Dublin – Mervyn Johnston, 79, would rather forget the conflict in Northern Ireland.
“I’ve been blown up a few times,” says the Northern Irishman as he sits in the office of his car repair garage and looks at the bridge that crosses the Termon River.
The waterway separates the Republic of Ireland part of the village of Pettigo from the Northern Ireland part.
The armed conflict
In the past, there had been border guard posts on both sides. And they might be back soon should Britain not strike a deal on its departure from the European Union before March 29.
Johnston points to his garage. “The main garage … was blown up completely twice,” though nobody was injured in the blasts, he says. “I’m lucky that I’m still here,” he comments.
Johnston is referring to the Troubles, the bloody civil conflict in Northern Ireland from the 1970s through the 1990s. Then, Catholic fighters waged war against British soldiers and Protestant loyalists in a bid to get the region known as Ulster united with the Republic of Ireland. Some 3,700 lives were lost in the years-long conflict.
Johnston says he was happy when the Good Friday Agreement of 1998 put an end to the armed conflict.
But now, the shadow of the past is creeping into peoples’ minds with the prospect of Brexit. “There will be a few individuals who just want an excuse to get this trouble started up again,” Johnston says, citing a car bomb explosion just a few weeks ago in the border city of Londonderry.
Johnston does not believe that things will be as bad as in the past.
But if there is no Brexit agreement, he says that he is sure there will then once again have to be border controls.
James Gallagher has already had a taste of what could come. The 60-year-old runs a small supermarket in the Republic of Ireland part of Pettigo. He recently received mail from the government in Dublin informing him that he may have to fill out import documents if he has goods from Northern Ireland in his store.
Gallagher shakes his head at the prospect: For such a small outfit like his, this would make little sense.
Instead, he will cancel the deals with his Northern Ireland suppliers and sell fruit and vegetables obtained in Ireland.
Both London and Dublin have repeatedly stressed that they want to avoid a hard border at all costs. But it remains uncertain what is going to happen if there is no agreement on the Irish border issue.
“I think that it’s one of these things that you don’t want to say it, in case by saying it you make it happen,” says Brian Lucey, an economics professor at Trinity College in Dublin.
Economic dependency on Britain
“The reality is, everybody knows in the event of a complete chaotic no-deal Brexit, there is no situation in the world where two customs unions – one being the EU customs union and the other being the internal UK customs union – where they push up against each other, where there isn’t some kind of border checks.”
In economic terms, a no-deal Brexit would be tough on Ireland, but not a catastrophe, Lucey feels.
For decades now, Dublin has been working to reduce the country’s economic dependency on Britain. This process would be sped up, Lucey says. Over a 15-year period, Ireland would lose some 7 per cent of its economic growth, or one-third the extent of the damage that the country suffered from the financial and economic crisis of 2008-2009.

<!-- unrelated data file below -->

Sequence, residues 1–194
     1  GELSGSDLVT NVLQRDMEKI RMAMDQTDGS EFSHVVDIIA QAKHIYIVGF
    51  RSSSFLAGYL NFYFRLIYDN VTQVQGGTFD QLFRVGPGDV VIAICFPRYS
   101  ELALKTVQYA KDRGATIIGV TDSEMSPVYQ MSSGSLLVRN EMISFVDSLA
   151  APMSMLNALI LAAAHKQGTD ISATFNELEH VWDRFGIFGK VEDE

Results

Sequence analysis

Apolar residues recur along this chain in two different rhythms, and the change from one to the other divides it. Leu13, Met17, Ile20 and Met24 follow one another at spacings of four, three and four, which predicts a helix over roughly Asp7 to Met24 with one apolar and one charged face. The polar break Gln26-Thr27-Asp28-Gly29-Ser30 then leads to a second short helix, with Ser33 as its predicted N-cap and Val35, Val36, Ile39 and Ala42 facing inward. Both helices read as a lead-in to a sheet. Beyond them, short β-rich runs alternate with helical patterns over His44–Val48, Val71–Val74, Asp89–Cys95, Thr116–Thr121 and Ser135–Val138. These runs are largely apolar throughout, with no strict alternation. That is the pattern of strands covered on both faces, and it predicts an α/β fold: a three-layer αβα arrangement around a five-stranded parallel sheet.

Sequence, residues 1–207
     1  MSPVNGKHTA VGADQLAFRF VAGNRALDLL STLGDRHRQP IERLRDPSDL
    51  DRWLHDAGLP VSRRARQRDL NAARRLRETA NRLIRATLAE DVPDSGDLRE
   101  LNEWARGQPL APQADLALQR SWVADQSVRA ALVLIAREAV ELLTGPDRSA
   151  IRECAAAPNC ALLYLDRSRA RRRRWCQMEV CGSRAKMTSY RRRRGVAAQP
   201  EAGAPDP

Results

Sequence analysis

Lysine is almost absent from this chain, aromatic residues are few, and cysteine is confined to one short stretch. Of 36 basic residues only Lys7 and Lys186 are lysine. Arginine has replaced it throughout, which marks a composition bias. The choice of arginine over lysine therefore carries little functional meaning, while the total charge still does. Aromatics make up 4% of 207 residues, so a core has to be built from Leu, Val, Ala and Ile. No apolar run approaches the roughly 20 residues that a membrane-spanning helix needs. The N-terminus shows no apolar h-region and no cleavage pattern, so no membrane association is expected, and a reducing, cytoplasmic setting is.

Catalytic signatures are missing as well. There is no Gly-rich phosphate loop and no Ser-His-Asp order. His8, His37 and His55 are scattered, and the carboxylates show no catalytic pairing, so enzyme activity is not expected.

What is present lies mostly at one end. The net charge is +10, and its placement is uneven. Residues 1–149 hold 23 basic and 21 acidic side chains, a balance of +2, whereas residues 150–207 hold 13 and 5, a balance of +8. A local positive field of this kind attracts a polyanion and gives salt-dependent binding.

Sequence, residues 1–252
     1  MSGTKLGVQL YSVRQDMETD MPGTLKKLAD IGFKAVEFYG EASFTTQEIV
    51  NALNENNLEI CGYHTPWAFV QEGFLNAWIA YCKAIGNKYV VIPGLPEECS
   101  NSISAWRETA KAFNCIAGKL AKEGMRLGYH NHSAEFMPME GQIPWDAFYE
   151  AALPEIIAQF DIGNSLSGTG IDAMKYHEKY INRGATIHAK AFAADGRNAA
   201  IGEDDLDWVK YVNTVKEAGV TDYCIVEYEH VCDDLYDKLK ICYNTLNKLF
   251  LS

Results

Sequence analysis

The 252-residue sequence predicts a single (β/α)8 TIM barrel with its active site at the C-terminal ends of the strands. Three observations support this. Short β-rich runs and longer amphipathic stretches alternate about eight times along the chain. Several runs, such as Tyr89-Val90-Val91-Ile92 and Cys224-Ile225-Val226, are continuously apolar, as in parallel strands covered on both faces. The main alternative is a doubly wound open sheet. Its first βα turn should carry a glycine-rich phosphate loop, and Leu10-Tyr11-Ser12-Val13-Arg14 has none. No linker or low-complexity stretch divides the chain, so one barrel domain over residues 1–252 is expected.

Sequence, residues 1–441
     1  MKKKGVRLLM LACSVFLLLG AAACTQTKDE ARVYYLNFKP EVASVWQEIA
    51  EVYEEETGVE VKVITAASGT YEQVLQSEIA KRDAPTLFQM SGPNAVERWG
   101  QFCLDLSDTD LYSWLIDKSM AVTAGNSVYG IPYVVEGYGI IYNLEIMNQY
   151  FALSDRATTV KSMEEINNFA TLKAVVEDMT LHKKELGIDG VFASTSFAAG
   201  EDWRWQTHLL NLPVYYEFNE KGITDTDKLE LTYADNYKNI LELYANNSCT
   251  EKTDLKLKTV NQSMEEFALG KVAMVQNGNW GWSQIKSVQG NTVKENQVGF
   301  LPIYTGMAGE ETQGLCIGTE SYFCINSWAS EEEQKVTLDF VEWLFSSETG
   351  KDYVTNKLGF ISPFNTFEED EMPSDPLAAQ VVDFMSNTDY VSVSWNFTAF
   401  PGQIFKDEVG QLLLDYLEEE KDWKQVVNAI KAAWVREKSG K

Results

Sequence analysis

But of much greater weight would be the effect on employment.
“You’re looking at maybe 40,000 to 50,000 job losses, which is hugely problematic for those who lose their jobs in an economy where there’s 2 to 3 million people employed,” he said.
Still, it would not be the catastrophe that makes Brexit backers in Britain believe that Dublin, in the end, will give in.
In any case, reinstating the border would be a mammoth task.
Traffic of goods without border controls
The BBC calculated that there are some 270 border crossing points along the 500-kilometre border. That is more than twice as many as the longest border in the world – nearly 8,900 kilometres – between the United States and Canada.
Proposals by various British politicians on how to supervise the traffic of goods with means other than border controls – for example, using technological equipment – all break down on the fact that they wouldn’t work without the cooperation of importers and exporters. Those who do not properly declare their goods can’t be documented.
Yet, even should Britain depart the EU on March 29 with an agreement, it will only mean a postponement of the question about how a border can be prevented.
Should London, as announced, leave the European customs union and the EU single market, there would be no other alternative to border controls.
This is the reason given by Brussels and Dublin for pushing for the backstop deal that London hates.
Under this arrangement, Britain would remain entirely in the customs union and allow Northern Ireland in part to remain in the single market until some bettersolution is found.
But there are now fewer than seven weeks left until then, and the fronts have hardened, both within the British parliament, and between the British government and Brussels.
What happens next is anyone’s guess.
Rita Gallagher, the 87-year-old mother of Pettigo store owner James Gallagher, who is still working the cash register, points to the dilapidated barracks of a former control post on the other side of the street. “They will open up the border post again,” she predicts.